No RFID for Library Books

 
 
By Cameron Sturdevant  |  Posted 2004-03-23 Print this article Print
 
 
 
 
 
 
 

Our industry's love of productivity-improving and cost-lowering advances—and RFID tags are unquestionably both—is outstripping the ability of individuals to remain private while conducting normal public business, Cameron Sturdevant writes.

The chief librarian of the San Francisco Public Library is considering spending almost $1 million over two years to replace bar codes and magnetic strips with RFID tags on books, videos and other library materials. Although I appreciate City Librarian Susan Hildreths desire to streamline the check-in/check-out process, I think using RFID tags is a bad idea.

My concern has more to do with the sorry state of privacy rights and the erosion of protections against unreasonable searches and seizures than with the capabilities of RFID tags. Today, the tags can be limited in range (the library is specifying a transmission range of 1 to 30 inches) and the amount of information they carry. In addition, the library wants the tags to carry only one unique item identifier and a 1-bit read/write security toggle.

However, even with such limits, it takes a determined act of self-deception not to see how RFID tags could carry much more information over much greater distances in the near future. Using Moores Law, its easy to envision that in 18 months, the RFID tags and the readers that power and scan the tags contents will dramatically increase in power.

Although I believed Hildreth when she told me during a telephone interview earlier this month that she doesnt want anything such as a title or bibliographic information contained in the RFID, theres no law or rule that would prevent subsequent library chiefs from adding that information.

Unlike a paper bar code and tattle tape (the magnetic strip that is commonly added to library books and that sets off an alarm if the strip is not desensitized), RFID tags can be activated and used outside the library. Im not worried that a script kiddie is going to hack up a Pringles can and scan the contents of my book bag. Im concerned about institutionalized scanning that invades my privacy.

For example, FasTrak toll transponders are basically RFID tags. I stopped using the FasTrak system for my commute after I got the first detailed invoice that revealed exactly what time my car passed over the San Mateo Bridge. I dont want information about my habits to be stored and used for some marketing or law enforcement purpose.

Another example of routine public monitoring is traffic-surveillance cameras. These cameras are just about everywhere. Its even worse on public transit, where every train car has four surveillance cameras. If my picture and voice can be recorded just for using public transit, I dont think its paranoid for me to wonder if RFID tag scanning will be next.

Im concerned that our industrys love of productivity-improving and cost-lowering advances—and RFID tags are unquestionably both—is outstripping the ability of individuals to remain private while conducting normal public business.

The expected spread of RFID tags will only increase the efforts individuals must make to stay private citizens. Its currently estimated that basic read-only chips used in RFID tags cost anywhere from 5 to 50 cents. These prices are expected to decline, while the power of the chips will likely increase dramatically. The pressure to add RFID tags to everything that can be sold or rented will mean many more opportunities for anyone with an RFID scanner (think anti-theft scanners at store entrances) to inventory the lives of individuals.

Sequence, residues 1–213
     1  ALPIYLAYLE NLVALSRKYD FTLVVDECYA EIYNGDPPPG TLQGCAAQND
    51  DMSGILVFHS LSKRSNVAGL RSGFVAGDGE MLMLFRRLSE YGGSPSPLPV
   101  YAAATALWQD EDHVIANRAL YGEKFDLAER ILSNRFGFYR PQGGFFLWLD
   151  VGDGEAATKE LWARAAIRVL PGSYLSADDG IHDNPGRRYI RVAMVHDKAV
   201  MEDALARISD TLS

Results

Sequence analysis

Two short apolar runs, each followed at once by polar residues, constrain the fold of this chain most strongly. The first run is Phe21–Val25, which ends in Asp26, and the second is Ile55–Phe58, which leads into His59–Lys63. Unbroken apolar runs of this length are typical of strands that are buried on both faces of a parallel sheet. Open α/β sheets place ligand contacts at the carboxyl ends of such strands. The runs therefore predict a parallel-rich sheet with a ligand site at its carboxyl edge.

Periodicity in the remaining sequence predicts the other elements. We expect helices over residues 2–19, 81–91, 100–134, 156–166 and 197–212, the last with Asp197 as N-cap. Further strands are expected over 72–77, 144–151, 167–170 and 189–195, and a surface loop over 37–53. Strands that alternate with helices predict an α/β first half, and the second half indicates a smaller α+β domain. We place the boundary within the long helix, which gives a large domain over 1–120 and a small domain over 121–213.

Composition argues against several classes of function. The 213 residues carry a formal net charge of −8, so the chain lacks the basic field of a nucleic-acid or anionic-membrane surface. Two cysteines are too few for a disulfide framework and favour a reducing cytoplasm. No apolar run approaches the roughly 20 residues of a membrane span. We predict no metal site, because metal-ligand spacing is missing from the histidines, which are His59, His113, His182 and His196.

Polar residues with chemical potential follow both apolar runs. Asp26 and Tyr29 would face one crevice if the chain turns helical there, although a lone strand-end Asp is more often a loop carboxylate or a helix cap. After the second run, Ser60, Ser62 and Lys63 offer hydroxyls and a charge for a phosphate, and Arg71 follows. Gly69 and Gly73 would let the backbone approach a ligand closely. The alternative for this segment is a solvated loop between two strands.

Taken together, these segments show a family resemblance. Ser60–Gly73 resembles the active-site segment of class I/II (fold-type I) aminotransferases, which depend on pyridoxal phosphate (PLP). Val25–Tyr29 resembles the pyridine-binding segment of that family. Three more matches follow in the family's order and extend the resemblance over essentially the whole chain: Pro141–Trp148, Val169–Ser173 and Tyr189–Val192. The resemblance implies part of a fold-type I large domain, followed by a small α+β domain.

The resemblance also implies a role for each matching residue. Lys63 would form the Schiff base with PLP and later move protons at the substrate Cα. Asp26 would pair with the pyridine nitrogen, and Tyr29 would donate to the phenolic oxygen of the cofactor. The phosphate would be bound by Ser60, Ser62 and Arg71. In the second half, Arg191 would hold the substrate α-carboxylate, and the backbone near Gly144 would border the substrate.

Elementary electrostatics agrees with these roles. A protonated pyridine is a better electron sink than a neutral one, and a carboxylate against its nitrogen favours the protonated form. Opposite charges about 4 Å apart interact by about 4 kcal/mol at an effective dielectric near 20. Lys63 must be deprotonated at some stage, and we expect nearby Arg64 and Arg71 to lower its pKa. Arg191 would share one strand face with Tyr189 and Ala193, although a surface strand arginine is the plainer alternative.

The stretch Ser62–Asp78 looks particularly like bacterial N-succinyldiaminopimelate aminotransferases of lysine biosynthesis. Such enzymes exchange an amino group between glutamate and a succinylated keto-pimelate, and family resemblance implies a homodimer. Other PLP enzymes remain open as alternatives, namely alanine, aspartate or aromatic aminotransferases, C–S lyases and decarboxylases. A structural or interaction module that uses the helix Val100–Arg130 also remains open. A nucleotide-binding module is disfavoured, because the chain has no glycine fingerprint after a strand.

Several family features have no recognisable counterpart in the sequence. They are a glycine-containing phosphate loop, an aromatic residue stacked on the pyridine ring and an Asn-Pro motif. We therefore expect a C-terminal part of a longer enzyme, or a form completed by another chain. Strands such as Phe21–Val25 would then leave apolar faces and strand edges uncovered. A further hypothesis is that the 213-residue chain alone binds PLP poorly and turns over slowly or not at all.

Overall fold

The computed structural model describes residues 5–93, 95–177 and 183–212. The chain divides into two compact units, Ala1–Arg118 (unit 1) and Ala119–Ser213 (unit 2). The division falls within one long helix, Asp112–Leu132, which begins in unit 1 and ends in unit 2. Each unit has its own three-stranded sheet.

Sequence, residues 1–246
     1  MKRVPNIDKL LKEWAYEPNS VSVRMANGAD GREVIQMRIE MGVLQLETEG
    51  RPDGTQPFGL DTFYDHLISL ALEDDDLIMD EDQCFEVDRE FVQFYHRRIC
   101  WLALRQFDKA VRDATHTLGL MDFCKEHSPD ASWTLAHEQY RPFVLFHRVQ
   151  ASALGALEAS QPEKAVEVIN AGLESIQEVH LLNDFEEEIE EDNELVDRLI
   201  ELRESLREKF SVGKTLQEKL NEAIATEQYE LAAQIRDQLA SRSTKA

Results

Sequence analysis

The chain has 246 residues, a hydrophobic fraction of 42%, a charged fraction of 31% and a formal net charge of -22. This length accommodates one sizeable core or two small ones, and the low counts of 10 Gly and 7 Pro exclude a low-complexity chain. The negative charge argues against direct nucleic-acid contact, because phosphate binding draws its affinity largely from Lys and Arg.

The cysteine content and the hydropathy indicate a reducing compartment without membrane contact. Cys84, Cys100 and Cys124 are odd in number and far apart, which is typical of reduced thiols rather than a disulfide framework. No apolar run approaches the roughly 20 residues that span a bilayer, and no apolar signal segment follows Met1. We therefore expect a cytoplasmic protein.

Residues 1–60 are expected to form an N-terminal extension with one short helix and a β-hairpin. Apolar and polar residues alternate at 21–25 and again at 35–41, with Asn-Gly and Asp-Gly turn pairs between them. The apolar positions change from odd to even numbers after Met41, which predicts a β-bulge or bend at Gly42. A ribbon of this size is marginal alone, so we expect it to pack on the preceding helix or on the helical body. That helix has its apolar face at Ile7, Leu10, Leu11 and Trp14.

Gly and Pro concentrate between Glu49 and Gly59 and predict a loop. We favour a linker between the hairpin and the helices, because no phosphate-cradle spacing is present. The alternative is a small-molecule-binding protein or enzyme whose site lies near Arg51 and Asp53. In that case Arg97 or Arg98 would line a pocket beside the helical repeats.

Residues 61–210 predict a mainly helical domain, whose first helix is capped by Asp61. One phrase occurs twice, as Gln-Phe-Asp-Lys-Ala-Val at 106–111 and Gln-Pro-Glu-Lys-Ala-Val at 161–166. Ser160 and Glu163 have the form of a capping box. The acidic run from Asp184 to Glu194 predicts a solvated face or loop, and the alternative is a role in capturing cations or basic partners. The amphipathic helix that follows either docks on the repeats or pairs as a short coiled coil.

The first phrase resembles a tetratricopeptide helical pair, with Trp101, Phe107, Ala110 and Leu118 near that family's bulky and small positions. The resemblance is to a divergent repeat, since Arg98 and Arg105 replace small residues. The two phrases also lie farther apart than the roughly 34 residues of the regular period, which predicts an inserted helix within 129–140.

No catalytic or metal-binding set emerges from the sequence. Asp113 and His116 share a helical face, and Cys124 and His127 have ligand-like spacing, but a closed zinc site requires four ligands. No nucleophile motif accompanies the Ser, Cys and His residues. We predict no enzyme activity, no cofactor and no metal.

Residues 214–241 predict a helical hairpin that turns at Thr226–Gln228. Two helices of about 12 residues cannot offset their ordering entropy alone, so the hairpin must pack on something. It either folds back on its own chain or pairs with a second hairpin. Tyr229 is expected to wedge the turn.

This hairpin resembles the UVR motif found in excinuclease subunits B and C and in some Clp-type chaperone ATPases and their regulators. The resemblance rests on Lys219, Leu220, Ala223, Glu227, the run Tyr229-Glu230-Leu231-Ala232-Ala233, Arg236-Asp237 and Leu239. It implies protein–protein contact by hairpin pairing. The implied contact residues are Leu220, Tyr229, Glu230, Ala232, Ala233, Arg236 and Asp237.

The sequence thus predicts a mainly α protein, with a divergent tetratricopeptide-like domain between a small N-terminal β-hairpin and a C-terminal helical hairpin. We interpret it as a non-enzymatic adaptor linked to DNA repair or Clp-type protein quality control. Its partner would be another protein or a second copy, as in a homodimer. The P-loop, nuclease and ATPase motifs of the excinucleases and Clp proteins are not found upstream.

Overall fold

Hildreth assured me that the computer systems holding patron borrowing records and book identification codes are protected with sophisticated security devices. Actually, I think library records are protected more by the fact that they are a low-value target. But if, for example, identity thieves find it useful to harvest personal data—including interests that are indicated by patron borrowing—the librarys security system will face a challenge the likes of which it hasnt met before.

Library books should remain a private partner in a relationship of exploration and learning with the borrower. RFID tags give library books something they dont need: a transmitter that can become a blabbermouth. Ive already given up the convenience of FasTrak during my commute. I hope I dont have to carry a lead shield around my library books.

Senior Analyst Cameron Sturdevant can be contacted at cameron_sturdevant@ziffdavis.com.

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Cameron Sturdevant Cameron Sturdevant is the executive editor of Enterprise Networking Planet. Prior to ENP, Cameron was technical analyst at PCWeek Labs, starting in 1997. Cameron finished up as the eWEEK Labs Technical Director in 2012. Before his extensive labs tenure Cameron paid his IT dues working in technical support and sales engineering at a software publishing firm . Cameron also spent two years with a database development firm, integrating applications with mainframe legacy programs. Cameron's areas of expertise include virtual and physical IT infrastructure, cloud computing, enterprise networking and mobility. In addition to reviews, Cameron has covered monolithic enterprise management systems throughout their lifecycles, providing the eWEEK reader with all-important history and context. Cameron takes special care in cultivating his IT manager contacts, to ensure that his analysis is grounded in real-world concern. Follow Cameron on Twitter at csturdevant, or reach him by email at cameron.sturdevant@quinstreet.com.
 
 
 
 
 
 
 

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